In providing the proper preface to the multiple woes that beset Zambales and Zamboanga City right now, I will have to borrow from Martin Niemoller. First, they came for the glorious dialect that no one bothered with because, it was, well, just a dying dialect.
There are two areas in the country where the Niemoller paraphrase is applicable. These are Zamboanga City and the fast-vanishing Chabacano. And Zambal, the dying dialect of Zambales. We exactly cannot present an academic study on why these two dialects got sideswiped by incursive languages (Tagalog in the case of Zambales and Cebuano in the case of Zamboanga City) with less resistance than the others. Because no such research work has been done , and vanishing dialects is considered a minor boil in a broader context that is stricken with political and economic cancers.
But for the two areas, the near-extinction of their once-beloved dialects is a fact of life, and it is an irreversible one.
Still we can’t see the reason for the early surrender by the two areas in the fight to preserve the dialects and make them living, though diminished, dialects. The two Zs are outliers on this front. The other provinces have been fighting off, valiantly, the unwanted incursion of outside tongues.
My own Kapampangan, for one, would not go down without a determined fight. The Kapampangan speakers that are lost in Pampanga, Bataan and Nueva Ecija—for example —are more than offset by the growing number of Tarlaquenos speaking Kapampangan. There is a shift in the locale of users, but it is this that keeps Kapampangan alive. And there are universities in Pampanga that attempt—on an institutional basis—to preserve the Kapampangan dialect.
It is a different case for Zambal and Chabacano. There was zero effort to make them current for the next generation to appreciate. Even in the national level, there is nothing on that front. The more prominent linguists often squabble over the “Fs” and the “Ps” of the national language, but they do not bother raising up the issue why dialects such as Chabacano and Zambal will never be heard by the next generation.
The fast-vanishing Zambal and Chabacano dialects, both hybrids for that matter, would not even factor in now in any discussion on the present and the future of the two areas given the state of paralysis that they are in. It was a spasm of violence that laid siege on Zamboanga City, by misguided and brutal men with the most sophisticated of weaponry. While Zamboanga’s woes were man-made, it was the wrath of nature that shook to the core the belief that the Pinatubo eruption was a fluke and that Zambales was a place of relative safety.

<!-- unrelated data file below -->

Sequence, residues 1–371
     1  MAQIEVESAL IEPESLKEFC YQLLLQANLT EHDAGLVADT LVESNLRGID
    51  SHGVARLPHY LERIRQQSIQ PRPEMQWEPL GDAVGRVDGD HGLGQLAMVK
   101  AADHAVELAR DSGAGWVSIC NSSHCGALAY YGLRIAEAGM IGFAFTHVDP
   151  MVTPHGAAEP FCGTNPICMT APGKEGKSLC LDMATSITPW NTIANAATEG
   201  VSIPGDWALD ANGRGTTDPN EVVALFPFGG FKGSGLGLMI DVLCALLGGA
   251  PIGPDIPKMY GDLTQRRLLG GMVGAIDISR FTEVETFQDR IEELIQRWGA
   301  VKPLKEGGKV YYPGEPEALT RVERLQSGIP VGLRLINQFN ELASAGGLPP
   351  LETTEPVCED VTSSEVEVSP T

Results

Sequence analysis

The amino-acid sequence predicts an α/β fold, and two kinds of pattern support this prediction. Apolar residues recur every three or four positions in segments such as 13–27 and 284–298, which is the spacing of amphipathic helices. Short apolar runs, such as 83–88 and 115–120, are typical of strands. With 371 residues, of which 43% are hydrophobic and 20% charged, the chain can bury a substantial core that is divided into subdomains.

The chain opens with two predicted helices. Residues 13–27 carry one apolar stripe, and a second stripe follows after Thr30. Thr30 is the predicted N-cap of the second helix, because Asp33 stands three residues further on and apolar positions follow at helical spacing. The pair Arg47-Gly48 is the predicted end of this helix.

The P3.8 billion that Malacañang will be spending for the relief and rehabilitation work of Zamboanga City is small if ranged against what is required to fully get back this historic city from the wreckage. A Zamboangueno friend, Sundance Apolinario, is a polymath, but even he would not dare make an estimate on what is required for a Marshall Plan-type of rehabilitation of his beloved city.
More than the physical rehab is building the confidence of the shattered spirit, he seems to be saying. Zamboanga City had this idea that it had gone through the worst of times, through all forms of blood-drenched Dickensian sorrow. Even then, it was not prepared for the guns of September, in which much of the city was turned into a little Baghdad.
The city of flowers is now a city of wilted lives. The private sector cannot seem to muster enough courage to help in the rebuilding process, given the magnitude of the destruction. The city government has spent two years of its regular budget three weeks after the MNLF began terrorizing the city.
The heightened sense of vulnerability—that just any group of madmen can come in and lay siege on the city and go on a burning and shooting spree—is the psychic wound that would remain unhealed for years. How can a city gripped by fear carry out a determined effort to rebuild?
For all its woes, Zambales‘ problems are more worrisome than those of Zamboanga City because we are looking at a 25-year solution to its problems at the minimum. Why 25 years? This can be explained readily.
The cause of the killer floods and land slides is environmental degradation.
Mountains have been logged-over to give way to crowded settlements, especially in the Subic and Castillejos areas. When nature is upset, it strikes back and the bald, logged-over mountains just dumped mud and stones and tree stumps into thickly populated settlements, killing over 30 people.
An honest-to-goodness reforestation plan, which would restore a semblance of a decent forest cover to the logged-over areas, would bear fruit in 25 years, the usual cycle for a reforestation plan. Will the Zambalenos muster the political will to do this? Your guess is as good as mine.
The misfortunes of the two areas came at a time foreign and domestic tourists have been, I hate this word, incentivized to visit and spend tourism money there, which is anywhere from decent spending to real spending.
Zambales is host to wonderful beaches and lovely islands, which are yet to be as commercialized as Boracay. A few days back, it celebrated the victory of Meagan Young. Zamboanga City has been attracting its own balikbayan and foreigners intrigued by the history and its hybrid tongue that leave pure Spanish speakers baffled and bemused.
But right now, the sentiment of would-be-visitors is aptly captured by an old ditty: “Don’t you go, don’t you go to far Zamboanga.”